Tea Farmer In India Leads Charge For Organic, Evades The Charge Of Elephants : The Salt In the biggest tea-producing region of India, hazards range from red spider mites to wild elephants. One brave grower faces them head on, all while spurring a movement to grow tea organically.
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Tea Farmer In India Leads Charge For Organic, Evades The Charge Of Elephants

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Tea Farmer In India Leads Charge For Organic, Evades The Charge Of Elephants

Tea Farmer In India Leads Charge For Organic, Evades The Charge Of Elephants

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STEVE INSKEEP, HOST:

Our colleague Julie McCarthy has spent years now ranging across India, and we get to follow along. India is a world of its own - the largest democracy, second only to China in population. And also, Julie found a remarkable source of tea from India's Assam province.

JULIE MCCARTHY, BYLINE: There's nothing simple about that cup of tea you may be clutching. Tea grower Tenzing Bodosa stands beside the vermilion flames of a brick oven that heats a drying contraption as he oversees his round-the-clock tea processing, fermenting, dehydrating, sorting.

TENZING BODOSA: Yeah, after sorting, then it's packaging and marketing. OK.

MCCARTHY: Tenzing is a marketer's dream. From the big Bodo tribe, he's known widely by his first name and exudes passion for tea, gratitude toward benefactors and an affability that attracts business. Tenzing sports a T-shirt bearing the logo of a New York importer of upscale teas called In Pursuit Of Tea. Founder Sebastian Beckwith said he was impressed with samples of Tenzing's tea, and in 2016, came to check out the operation. A one-day inspection was all it took. The American tea aficionado ordered 500 kilos on the spot, fetching 500,000 rupees - about $8,000 - a windfall for Tenzing.

You're going to get a half a million rupees from him.

BODOSA: Yeah.

MCCARTHY: ...First time out.

BODOSA: Yeah, its big money for me, and for here, this is big money.

MCCARTHY: Beckwith says Tenzing's tea, with notes of black currant, is one of their best sellers, and he appreciates the way Tenzing produces his tea.

SEBASTIAN BECKWITH: Produced in a clean way without chemicals and that tastes good - he's someone who's succeeding on a very small level, and I think it's great.

(SOUNDBITE OF BRUSH CRACKLING)

MCCARTHY: Tenzing's tiny tea estate sits along the folds of the Himalayas and hugs the mountain kingdom of Bhutan to the north. By late morning, some 30 workers have been plucking leaves for hours. Tenzing transitioned to organic farming after an incident with chemical pesticides on his own farm.

BODOSA: After I was spraying, I feel like vomiting and headaches. I feel - why I feel like that?

MCCARTHY: Then the fish died in the water where he'd washed his clothes. Then the rabbits died. Tenzing said he worried he was selling people poison. His small tea estate is now chemical-free.

UNIDENTIFIED WOMAN #1: (Foreign language spoken).

UNIDENTIFIED WOMAN #2: (Foreign language spoken).

UNIDENTIFIED WOMAN #1: Mmm hmm.

UNIDENTIFIED WOMAN #2: (Foreign language spoken).

MCCARTHY: Sumitra Sabar, age 60, moves in a small group along dark green rows, softly talking and plucking leaves under a bright sky. But danger lurks in this seemingly tranquil scene. Sumitra says the tea pickers have an ever-present dread - wild elephants.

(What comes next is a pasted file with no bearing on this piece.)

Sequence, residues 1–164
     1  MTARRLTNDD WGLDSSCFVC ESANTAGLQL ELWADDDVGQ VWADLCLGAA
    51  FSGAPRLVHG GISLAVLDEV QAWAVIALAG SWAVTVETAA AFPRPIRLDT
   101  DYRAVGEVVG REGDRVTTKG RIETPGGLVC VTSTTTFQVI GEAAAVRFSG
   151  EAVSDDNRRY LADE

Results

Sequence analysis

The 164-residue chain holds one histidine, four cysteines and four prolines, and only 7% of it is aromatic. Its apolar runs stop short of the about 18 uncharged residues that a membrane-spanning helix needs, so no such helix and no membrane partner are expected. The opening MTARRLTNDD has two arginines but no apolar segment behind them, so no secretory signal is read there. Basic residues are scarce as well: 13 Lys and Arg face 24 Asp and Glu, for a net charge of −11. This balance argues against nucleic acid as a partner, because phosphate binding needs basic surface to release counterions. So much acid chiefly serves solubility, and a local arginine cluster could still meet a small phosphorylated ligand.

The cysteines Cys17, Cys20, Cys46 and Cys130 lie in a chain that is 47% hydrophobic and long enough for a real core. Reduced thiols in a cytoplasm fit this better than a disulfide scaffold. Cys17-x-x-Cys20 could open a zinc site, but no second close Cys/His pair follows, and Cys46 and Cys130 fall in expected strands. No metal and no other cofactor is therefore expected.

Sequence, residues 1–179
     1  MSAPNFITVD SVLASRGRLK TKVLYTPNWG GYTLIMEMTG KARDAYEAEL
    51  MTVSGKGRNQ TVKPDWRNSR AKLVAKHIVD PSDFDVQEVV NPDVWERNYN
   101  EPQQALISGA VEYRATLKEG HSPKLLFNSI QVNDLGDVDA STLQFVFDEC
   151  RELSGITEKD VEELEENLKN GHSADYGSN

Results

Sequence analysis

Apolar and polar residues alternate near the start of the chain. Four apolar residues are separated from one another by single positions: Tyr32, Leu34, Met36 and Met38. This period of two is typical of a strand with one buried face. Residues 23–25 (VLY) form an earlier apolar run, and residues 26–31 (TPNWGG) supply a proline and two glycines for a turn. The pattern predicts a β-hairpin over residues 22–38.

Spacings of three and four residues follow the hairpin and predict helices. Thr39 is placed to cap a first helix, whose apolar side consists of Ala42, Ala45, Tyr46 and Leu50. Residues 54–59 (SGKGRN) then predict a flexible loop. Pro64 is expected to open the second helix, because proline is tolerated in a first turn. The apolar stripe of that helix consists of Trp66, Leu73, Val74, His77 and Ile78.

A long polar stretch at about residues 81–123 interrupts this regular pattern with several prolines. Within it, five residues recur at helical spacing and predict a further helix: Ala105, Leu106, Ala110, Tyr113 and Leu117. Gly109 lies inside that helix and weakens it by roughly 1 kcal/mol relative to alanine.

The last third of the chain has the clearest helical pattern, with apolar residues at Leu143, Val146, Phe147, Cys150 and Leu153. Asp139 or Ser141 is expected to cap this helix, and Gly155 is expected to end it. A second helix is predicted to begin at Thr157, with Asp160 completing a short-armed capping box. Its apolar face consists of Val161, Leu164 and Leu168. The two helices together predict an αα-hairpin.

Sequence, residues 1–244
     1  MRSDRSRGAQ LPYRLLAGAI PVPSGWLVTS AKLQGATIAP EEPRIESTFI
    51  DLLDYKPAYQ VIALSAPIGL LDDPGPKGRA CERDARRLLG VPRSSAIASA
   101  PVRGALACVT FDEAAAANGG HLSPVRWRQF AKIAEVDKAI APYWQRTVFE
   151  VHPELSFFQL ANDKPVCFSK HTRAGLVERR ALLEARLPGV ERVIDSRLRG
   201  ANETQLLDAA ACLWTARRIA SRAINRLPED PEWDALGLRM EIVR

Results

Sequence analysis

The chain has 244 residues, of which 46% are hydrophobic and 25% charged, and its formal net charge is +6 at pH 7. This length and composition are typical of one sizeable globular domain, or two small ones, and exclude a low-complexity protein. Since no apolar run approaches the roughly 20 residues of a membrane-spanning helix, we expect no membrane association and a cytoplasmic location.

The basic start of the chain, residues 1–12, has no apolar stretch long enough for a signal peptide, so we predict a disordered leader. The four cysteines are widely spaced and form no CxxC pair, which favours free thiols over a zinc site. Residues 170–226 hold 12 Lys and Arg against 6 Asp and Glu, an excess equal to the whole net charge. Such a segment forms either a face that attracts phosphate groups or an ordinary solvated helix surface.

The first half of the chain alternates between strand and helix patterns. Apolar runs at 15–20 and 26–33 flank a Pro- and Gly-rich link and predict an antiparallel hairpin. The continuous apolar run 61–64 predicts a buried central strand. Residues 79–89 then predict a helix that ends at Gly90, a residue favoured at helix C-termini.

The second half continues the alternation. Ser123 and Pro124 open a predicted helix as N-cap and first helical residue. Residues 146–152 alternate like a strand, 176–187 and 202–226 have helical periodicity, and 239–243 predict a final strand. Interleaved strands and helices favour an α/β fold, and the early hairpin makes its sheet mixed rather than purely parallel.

SURESH MUNDA: (Foreign language spoken).

MCCARTHY: Twenty-three-year-old Suresh Munda recalls one of the scariest encounters, when an elephant approached them as the tire of their vehicle blew out, and they couldn't move. The elephant wandered off. Just next to the tea estate, Tenzing has established a 30-hectare wildlife preserve that attracts herds of elephants, which roam between Assam and Bhutan. Twigs crackling, he carefully leads us in.

It's a very healthy ground cover, and trees, and grasses, and flowers, and wildlife and birds.

Tenzing spots an elephant's fresh print inside the preserve just steps from the tea estate.

BODOSA: Elephant kicked here. So they kick here.

(SOUNDBITE OF BIRDS SQUAWKING)

MCCARTHY: Wild peacocks flap above the treetops.

BODOSA: They're not happy, yeah.

MCCARTHY: They sense danger, he says, and ushers us out.

Are you at risk of losing some employees because they're going to be too afraid to work here?

BODOSA: Yeah, that's true. That's true. Some worker don't wanted to work in my farm. (Speaking Assamese).

MCCARTHY: In Assamese, he adds, earlier they would run around in a panic at the sight of an elephant. But now, he says, they've become used to them. Tenzing's commitment to conserving nature and growing organically has attracted a following. Farmers such as Bolin Chandra Bodo beat a path to his door for advice on organic methods.

BOLIN CHANDRA BODO: (Speaking Assamese).

MCCARTHY: Bodo says chemical fertilizers are used everywhere. Everything is so adulterated, he says; we all must learn to grow organic and stay healthy. Bodo and the 25 farmers gathered in Tenzing's backyard call themselves foot soldiers in a campaign to transform farming here. Tenzing says in the past eight years, he's interacted with more than 20,000 farmers. When they fret over their organic ventures not making a profit, he urges them to keep faith in themselves. This 31-year-old farmer reformer is building a movement.

BODOSA: I love to teach them. I love to share whatever I learned. I want to give back to the people.

MCCARTHY: And, Tenzing says, give back to nature. Julie McCarthy, NPR News.

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